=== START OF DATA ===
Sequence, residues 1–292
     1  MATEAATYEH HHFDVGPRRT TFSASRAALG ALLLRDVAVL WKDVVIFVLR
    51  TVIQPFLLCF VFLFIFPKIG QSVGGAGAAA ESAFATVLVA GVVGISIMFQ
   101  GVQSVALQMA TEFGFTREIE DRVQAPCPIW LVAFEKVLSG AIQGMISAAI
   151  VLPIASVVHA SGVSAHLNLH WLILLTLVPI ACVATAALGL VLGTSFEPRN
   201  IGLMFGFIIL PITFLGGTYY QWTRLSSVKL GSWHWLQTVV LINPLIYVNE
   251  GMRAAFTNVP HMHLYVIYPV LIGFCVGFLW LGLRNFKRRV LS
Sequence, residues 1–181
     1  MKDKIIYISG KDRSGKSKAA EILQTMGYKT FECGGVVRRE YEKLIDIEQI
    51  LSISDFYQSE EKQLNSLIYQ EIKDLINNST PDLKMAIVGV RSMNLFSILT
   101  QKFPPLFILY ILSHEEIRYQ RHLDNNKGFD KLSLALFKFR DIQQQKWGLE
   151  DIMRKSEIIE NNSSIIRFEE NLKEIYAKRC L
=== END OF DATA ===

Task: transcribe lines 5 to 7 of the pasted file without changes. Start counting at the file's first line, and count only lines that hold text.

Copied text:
   151  VLPIASVVHA SGVSAHLNLH WLILLTLVPI ACVATAALGL VLGTSFEPRN
   201  IGLMFGFIIL PITFLGGTYY QWTRLSSVKL GSWHWLQTVV LINPLIYVNE
   251  GMRAAFTNVP HMHLYVIYPV LIGFCVGFLW LGLRNFKRRV LS